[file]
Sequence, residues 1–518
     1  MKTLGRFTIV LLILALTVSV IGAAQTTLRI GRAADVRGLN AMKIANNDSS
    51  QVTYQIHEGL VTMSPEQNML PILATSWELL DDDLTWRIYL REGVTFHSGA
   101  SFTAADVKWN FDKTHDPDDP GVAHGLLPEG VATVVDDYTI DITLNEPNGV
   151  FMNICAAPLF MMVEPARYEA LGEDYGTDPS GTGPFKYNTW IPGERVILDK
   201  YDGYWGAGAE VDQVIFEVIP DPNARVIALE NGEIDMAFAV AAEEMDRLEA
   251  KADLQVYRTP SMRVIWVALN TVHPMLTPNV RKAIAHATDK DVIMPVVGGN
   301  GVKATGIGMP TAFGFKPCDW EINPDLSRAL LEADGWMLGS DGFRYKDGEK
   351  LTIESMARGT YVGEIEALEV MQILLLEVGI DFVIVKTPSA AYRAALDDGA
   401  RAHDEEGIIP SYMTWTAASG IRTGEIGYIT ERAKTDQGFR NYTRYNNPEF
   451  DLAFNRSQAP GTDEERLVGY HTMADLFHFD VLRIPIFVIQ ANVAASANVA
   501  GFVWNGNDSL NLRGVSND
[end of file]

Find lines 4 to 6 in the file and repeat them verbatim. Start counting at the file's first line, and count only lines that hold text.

   101  SFTAADVKWN FDKTHDPDDP GVAHGLLPEG VATVVDDYTI DITLNEPNGV
   151  FMNICAAPLF MMVEPARYEA LGEDYGTDPS GTGPFKYNTW IPGERVILDK
   201  YDGYWGAGAE VDQVIFEVIP DPNARVIALE NGEIDMAFAV AAEEMDRLEA